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October 2, 2011

Baltimore Symphony shines in program with Tortelier, Gutierrez

This weekend's Baltimore Symphony Orchestra program has a lot going for it -- spirited conductor, inspired soloist, a vibrant mix of repertoire.

I caught Saturday night's performance at the Meyerhoff (it repeats there on Sunday afternoon). Just about everything seemed to be clicking from the start.

The orchestra clearly likes working with Yan Pascal Tortelier, who guest-conducts here frequently -- his most recent BSO appearance was just last March.

He is no shrinking violet on the podium (at intermission I overheard some students laughing about his "jumping jacks"), but there is an obvious communicative power behind his animated style.

Tortelier gets these players to dig into music with a palpable freshness and enthusiasm, and he did so on this occasion to memorable effect with a well-organized program.

Following a practice that used to be common a century or more ago, the heaviest stuff came first -- in this case, Sibelius' Fifth. Then, after intermission, Mozart's Piano Concerto No. 19 and Elgar's "In the South." (Mahler, for one, thought that such an arc was better for audiences, who are at their most alert and attentive at the start of a concert.)

The Sibelius symphony is  ...



one of the composer's finest, maybe his greatest. It is taut and brilliantly organized, seeming to emerge organically from some earthy life force. The score has a way of grabbing hold and never letting go, and that's what Tortelier ensured in a performance that moved inexorably along.

With works like this, I wish the BSO could afford to be at, say, 110-strong, which would help the weightiest chords in this symphony knock you back in your seat. But the ensemble, now usually closer to 90 in number, can still produce an impressive sound, which it did on Saturday.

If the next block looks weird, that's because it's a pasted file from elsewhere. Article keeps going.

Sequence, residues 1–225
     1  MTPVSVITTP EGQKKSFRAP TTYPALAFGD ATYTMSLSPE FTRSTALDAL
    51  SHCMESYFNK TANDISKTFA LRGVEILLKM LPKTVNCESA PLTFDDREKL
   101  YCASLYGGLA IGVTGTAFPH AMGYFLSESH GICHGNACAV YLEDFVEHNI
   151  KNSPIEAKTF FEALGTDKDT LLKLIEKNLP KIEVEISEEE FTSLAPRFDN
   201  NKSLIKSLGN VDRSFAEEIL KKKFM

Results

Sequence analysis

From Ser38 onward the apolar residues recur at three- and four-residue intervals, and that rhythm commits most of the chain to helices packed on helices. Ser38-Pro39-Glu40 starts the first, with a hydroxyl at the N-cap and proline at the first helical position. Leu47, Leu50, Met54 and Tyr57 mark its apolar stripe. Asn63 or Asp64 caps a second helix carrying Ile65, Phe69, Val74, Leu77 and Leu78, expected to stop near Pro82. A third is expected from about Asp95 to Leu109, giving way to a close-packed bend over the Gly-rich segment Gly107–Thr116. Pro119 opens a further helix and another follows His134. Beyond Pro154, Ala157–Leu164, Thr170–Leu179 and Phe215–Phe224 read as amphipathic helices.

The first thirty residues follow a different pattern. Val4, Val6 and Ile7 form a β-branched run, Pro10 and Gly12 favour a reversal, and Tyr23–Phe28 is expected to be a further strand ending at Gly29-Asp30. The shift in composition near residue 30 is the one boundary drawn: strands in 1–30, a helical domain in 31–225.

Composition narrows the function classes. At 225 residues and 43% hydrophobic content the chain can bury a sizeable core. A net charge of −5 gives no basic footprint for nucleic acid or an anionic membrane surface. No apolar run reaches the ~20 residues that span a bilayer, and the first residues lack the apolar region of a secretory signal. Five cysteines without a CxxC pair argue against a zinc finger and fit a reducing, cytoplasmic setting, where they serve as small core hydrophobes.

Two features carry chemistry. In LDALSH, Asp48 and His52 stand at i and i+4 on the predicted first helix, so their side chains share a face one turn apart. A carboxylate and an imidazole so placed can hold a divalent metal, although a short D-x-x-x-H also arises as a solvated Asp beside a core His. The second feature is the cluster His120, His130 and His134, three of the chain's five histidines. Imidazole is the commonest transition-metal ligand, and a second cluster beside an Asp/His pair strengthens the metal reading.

The playing also had considerable character and color. Truly gossamer articulation from the violins in the gentlest moments proved especially admirable. The brass, too, contributed strongly to the atmospheric performance.

For the Mozart concerto, the number of players was appropriately reduced; the clarity and warmth of the music-making remained the same, in this case with the woodwinds leading the way.

At the keyboard, Horacio Gutierrez offered his accustomed wealth of elegance and expressive richness. There was an infectiously joyful nature to his phrasing, a crystalline quality to his tone. Tortelier offered effortless partnering throughout.

As I may have mentioned before, I love Elgar's music and wish we heard more of it around here. So it was great to have the relatively under-appreciated "In the South" on this program (I seem to have missed the BSO's most recent performance of the piece in 2005, on a non-subscription concert).

This souvenir of an Italian sojourn is not as cheery as, say, Tchaikovsky's. Given that Elgar encountered yucky weather on his 1904 visit, the rather dramatic nature of the score may not be surprising.